Electrolyser himself has run well in Group races in the past, having finished second in the 2010 Goodwood Cup, and he appears to have run to his 109 rating considering he finished two lengths to the good over Zuider Zee, who obtained his mark of 105 when winning the November Handicap and confirmed it with a third in listed company in France on his final start in 2011.
Fifth-placed Solar Sky, sixth-placed Eternal Heart and the seventh, Parlour Games, all seem to have run close to form and help give the race a solid enough look. Dandino was a bit below his 112 rating in third and may prove best back at shorter, whilst Blue Bajan also ran below par in fourth butconsidering neither had run for at least seven months they ran respectably. Nevertheless, I moved them to 110 and 109 respectively.
Time will tell if Electrolyser can better The Betchworth Kid in winning another race this season, but it's fair to say he's worthy of his 6lb rise and he should be up to making an impact in a similar or higher grade, particularly when able to dominate.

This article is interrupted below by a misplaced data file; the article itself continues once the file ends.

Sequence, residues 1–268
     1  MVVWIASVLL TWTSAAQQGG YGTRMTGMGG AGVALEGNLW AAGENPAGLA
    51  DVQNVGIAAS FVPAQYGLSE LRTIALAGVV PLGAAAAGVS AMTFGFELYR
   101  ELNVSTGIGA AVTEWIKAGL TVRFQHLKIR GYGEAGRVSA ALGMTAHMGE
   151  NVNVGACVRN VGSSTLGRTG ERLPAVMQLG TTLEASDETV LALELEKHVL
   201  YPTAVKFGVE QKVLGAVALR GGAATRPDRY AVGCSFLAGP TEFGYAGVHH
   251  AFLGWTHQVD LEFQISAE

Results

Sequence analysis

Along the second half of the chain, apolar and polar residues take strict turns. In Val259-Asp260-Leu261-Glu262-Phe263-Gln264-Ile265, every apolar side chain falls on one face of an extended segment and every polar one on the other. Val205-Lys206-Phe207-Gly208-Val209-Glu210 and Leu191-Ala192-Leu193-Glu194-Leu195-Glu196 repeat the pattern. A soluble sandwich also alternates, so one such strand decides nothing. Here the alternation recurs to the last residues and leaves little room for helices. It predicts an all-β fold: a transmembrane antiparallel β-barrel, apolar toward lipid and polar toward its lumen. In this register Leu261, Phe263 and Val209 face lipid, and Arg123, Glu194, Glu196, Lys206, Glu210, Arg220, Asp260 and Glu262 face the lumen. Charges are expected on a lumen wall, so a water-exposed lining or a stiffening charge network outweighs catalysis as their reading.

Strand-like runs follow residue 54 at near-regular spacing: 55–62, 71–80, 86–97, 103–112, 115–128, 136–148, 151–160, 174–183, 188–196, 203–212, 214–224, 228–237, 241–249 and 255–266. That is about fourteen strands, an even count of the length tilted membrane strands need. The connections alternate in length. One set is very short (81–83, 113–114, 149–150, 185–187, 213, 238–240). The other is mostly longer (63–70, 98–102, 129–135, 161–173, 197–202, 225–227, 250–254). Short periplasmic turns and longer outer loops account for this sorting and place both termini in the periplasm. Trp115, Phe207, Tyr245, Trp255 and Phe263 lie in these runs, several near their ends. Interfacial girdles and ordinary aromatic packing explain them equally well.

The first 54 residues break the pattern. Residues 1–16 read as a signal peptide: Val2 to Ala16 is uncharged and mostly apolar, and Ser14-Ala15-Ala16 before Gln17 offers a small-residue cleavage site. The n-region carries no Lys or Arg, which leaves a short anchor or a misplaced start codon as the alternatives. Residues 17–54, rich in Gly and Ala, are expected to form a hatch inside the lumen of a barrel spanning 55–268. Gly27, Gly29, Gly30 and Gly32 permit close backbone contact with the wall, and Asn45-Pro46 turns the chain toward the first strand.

How horses qualify fornursery handicaps is something we have tried to make simpler and fairer over the years, writes Matthew Tester.
All sorts of restrictions have been taken away and we have now taken another step along that path, which trainers ought to be aware of.
The key change is help for once-raced winners. As from this year, they may be able to go straight for nurseries which had previously not been open to them.
The rules now state that we can let into nurseries any once-raced winner rated 80 or below and any twice-raced winner rated 85 or below. This is always as long as we feel there is enough evidence on which to make those judgements. As before, only form shown in this country countsfor qualification purposes although overseas runs will always be assessed.
We hope that this will help trainers whose horses win on their debut and for whom it has been tough to find a race where the horse can run competitively next time.
Readers can check out new rule 32.2 here.
This blog appears courtesy of britishhorseracing.com